"It's all about cha-cha heels," says Leather Santa, dragging his sinewy, bare-chested elf on a leash.
Of course, as with all events produced by Marc Huestis, there is much, much more to "A John Waters' X-Mas" than just cha-cha heels. There's the perverse Christmas montage that includes a film clip of Karen Carpenter, with her sunken eyes and spindly arms, baking cookies; and The Poseidon Adventure's Carol Lynley reciting "'Twas the Night Before Christmas" in a satin dress that proves, once and for all, women over 50 can still go braless; and Tom Amianno's inexplicable exclamation of the word "cunt" from the stage; and Waters' own fuzzy hope that a roving pack of holiday reprobates will slip ragged, secondhand clothing onto the mannequins at Neiman Marcus. But in the end, Leather Santa is absolutely correct: It's all about the cha-cha heels. While my Washington pal finds it very difficult to believe, people in San Francisco are willing to go to great lengths, and undeniable lows, for the title of "Miss Cha-Cha Heels 2003."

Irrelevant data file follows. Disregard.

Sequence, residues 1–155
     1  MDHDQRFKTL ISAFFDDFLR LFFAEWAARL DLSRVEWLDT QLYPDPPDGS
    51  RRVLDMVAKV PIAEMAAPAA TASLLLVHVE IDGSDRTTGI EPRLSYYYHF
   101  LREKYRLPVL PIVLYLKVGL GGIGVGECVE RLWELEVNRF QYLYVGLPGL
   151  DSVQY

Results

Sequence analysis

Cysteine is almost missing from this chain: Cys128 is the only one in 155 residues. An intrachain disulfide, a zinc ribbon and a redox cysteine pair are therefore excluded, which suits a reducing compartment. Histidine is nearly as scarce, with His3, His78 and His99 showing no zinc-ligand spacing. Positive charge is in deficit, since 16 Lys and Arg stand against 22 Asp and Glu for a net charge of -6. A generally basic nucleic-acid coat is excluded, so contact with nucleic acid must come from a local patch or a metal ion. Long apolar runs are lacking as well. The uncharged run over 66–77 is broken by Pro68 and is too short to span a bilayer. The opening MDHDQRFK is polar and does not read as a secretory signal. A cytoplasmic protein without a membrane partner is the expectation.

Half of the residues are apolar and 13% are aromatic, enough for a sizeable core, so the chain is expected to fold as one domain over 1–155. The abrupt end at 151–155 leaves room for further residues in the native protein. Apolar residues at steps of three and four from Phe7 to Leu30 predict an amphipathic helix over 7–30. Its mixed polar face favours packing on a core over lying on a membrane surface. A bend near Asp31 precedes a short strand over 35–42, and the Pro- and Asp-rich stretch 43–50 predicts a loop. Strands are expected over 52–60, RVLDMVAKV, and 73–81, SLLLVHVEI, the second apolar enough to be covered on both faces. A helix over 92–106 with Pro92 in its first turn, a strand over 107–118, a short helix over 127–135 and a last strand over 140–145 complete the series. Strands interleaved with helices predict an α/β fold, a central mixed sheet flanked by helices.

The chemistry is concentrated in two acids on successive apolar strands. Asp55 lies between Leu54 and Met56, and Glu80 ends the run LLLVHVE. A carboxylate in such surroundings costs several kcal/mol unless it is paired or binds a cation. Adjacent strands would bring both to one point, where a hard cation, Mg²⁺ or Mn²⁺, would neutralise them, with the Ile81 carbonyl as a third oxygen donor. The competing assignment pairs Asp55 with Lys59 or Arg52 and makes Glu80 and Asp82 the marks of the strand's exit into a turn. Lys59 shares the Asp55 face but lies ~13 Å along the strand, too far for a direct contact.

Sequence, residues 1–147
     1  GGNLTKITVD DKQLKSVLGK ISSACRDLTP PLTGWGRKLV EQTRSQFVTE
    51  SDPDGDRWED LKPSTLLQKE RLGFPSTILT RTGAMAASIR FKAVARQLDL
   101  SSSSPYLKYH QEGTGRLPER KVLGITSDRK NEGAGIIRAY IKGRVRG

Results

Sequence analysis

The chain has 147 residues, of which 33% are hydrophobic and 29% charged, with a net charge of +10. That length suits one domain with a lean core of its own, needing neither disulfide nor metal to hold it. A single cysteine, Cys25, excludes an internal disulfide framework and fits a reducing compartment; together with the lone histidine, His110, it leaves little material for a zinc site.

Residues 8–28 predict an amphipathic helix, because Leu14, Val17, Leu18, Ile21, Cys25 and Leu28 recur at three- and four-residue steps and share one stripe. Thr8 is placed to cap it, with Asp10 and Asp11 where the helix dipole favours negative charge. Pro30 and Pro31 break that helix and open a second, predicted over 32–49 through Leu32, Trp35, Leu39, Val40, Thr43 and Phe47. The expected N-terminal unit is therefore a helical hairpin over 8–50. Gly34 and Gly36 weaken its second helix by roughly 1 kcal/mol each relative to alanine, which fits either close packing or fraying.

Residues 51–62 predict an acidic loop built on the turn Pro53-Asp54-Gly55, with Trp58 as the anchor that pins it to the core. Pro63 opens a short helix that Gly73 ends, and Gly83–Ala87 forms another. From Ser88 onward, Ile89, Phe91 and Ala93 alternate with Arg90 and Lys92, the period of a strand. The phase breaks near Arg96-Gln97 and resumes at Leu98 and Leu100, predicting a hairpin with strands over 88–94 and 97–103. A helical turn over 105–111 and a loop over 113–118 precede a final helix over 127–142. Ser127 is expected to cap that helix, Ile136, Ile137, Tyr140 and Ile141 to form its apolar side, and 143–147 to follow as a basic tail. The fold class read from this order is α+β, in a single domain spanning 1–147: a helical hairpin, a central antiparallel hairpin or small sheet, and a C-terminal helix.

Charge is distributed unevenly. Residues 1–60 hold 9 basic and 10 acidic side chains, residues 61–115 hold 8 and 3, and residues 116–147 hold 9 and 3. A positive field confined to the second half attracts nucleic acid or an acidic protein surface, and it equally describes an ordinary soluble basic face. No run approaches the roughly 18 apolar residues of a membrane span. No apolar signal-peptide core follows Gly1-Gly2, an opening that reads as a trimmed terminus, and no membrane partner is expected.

This year, for example, Putanesca performs "Feliz Navidad" as Charo; Pippi Lovestocking recites a lovely little holiday limerick and paints a Christmas wreath around her bare ass; Johnny Kat butt-syncs a Christmas carol executed entirely in farts; and this year's winner, Precious Moments, arrives onstage absolutely nude, with his "rod and tackle" squeezed between and behind his legs, jumping rope while singing "Oh, Come All Ye Faithful" in Latin. It's a crowd-pleaser, but my holiday hopes are dashed. Thousands of Christmas freaks and not a Crackhead Elf in the bunch.
At the end of a cold, lonely walk home, I catch a sudden flash of green at the mouth of the alley near my house. Quickly turning the corner, I stumble across the words "So many elves, so little time" written in green spray paint near a puddle of urine. There is no elf to be found, but somehow it doesn't matter anymore. When I open my front door, hearing my childhood friend scrambling up the back stairs, I have to think to myself, What a wonderful world.